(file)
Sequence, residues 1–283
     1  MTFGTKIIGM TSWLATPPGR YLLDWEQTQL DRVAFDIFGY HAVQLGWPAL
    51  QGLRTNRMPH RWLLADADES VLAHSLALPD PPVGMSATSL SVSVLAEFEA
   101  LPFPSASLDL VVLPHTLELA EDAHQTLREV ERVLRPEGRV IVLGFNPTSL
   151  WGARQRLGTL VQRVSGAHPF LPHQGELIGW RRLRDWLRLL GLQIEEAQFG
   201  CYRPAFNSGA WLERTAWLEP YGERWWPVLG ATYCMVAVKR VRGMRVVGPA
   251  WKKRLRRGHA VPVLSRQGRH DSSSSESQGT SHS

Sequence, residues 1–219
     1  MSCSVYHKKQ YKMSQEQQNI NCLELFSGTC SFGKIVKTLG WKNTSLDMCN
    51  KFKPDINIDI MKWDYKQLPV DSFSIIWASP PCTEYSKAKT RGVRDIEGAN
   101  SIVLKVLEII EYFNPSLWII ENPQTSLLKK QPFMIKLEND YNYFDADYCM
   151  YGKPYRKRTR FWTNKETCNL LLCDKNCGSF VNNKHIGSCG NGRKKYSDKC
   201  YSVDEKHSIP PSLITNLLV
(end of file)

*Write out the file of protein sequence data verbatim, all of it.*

Sequence, residues 1–283
     1  MTFGTKIIGM TSWLATPPGR YLLDWEQTQL DRVAFDIFGY HAVQLGWPAL
    51  QGLRTNRMPH RWLLADADES VLAHSLALPD PPVGMSATSL SVSVLAEFEA
   101  LPFPSASLDL VVLPHTLELA EDAHQTLREV ERVLRPEGRV IVLGFNPTSL
   151  WGARQRLGTL VQRVSGAHPF LPHQGELIGW RRLRDWLRLL GLQIEEAQFG
   201  CYRPAFNSGA WLERTAWLEP YGERWWPVLG ATYCMVAVKR VRGMRVVGPA
   251  WKKRLRRGHA VPVLSRQGRH DSSSSESQGT SHS

Sequence, residues 1–219
     1  MSCSVYHKKQ YKMSQEQQNI NCLELFSGTC SFGKIVKTLG WKNTSLDMCN
    51  KFKPDINIDI MKWDYKQLPV DSFSIIWASP PCTEYSKAKT RGVRDIEGAN
   101  SIVLKVLEII EYFNPSLWII ENPQTSLLKK QPFMIKLEND YNYFDADYCM
   151  YGKPYRKRTR FWTNKETCNL LLCDKNCGSF VNNKHIGSCG NGRKKYSDKC
   201  YSVDEKHSIP PSLITNLLV